The results are in: Seattle residents love Superintendent Susan Enfield and, well, are not so in love with the Seattle School Board and the central administration.
That is what a recent survey of community members said, which was conducted by Elway Research Inc., and, ironically in light of Enfield's decision to leave, directed by Seattle School Board. Here are a few highlights:
- The survey showed that overall people were fairly satisfied with the way students were taught and what direction the school was taking. Teachers received a 81 percent favorable rating and 48 percent of people thought the school district was headed in the right direction.
- Of those who had an opinion, many thought Enfield was doing well in her new position, with 37 percent favorable and 8 percent unfavorable.
- Many were not so fond of the Seattle School Board, however, with 33 percent favorable, 34 percent unfavorable.
- The Central Administration was even worse off, with 23 percent favorable and 32 percent unfavorable.
The School Board had originally wanted the survey to help determine whether they should hire a new superintendent or keep Enfield. If board members saw that the perception of Enfield was lacking, they might have considered another candidate. This was before news broke that she would not be seeking a permanent position.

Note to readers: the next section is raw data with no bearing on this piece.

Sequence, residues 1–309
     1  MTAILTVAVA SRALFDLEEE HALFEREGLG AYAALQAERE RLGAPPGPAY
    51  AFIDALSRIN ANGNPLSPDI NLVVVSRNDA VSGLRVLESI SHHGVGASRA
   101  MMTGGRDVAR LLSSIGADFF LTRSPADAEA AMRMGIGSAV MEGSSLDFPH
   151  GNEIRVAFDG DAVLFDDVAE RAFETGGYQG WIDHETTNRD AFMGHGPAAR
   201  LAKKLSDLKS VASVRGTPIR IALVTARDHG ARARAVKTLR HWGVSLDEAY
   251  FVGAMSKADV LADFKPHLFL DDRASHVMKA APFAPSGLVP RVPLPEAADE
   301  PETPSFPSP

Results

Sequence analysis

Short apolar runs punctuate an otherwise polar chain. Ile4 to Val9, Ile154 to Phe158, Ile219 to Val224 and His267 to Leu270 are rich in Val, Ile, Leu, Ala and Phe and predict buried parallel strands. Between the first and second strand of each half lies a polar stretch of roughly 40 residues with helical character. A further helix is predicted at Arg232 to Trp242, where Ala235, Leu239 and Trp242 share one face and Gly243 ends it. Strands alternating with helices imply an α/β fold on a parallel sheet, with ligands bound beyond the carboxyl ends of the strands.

The district said this afternoon that proposals for a survey were originally requested Sept. 23 and a contract was signed during the week of Oct. 24. That would be before the November election that brought two new school board members. Enfield announced her decision not to seek the permanent position as superintendent in mid-December. The survey's timing was to help the new board in its decision making, School Board President Michael DeBell said. He noted that the entire timeline for a hiring decision had been set up with the idea that whoever was on the board after the election and the superintendent would need to be comfortable with one another.
The survey asked questions about what qualities respondents thought were most important in a superintendent. Four of the eight qualities listed were considered essential: providing leadership and motivation to school district teachers and staff; experience and background in education; the ability to articulate a clear vision for the future of Seattle Schools; and the ability to communicate with internal and external constituencies.
Board President DeBell said he thought Enfield excelled in many of the criteria and that she was doing her job rather well. He had only one word to say on how he felt about her decision to leave: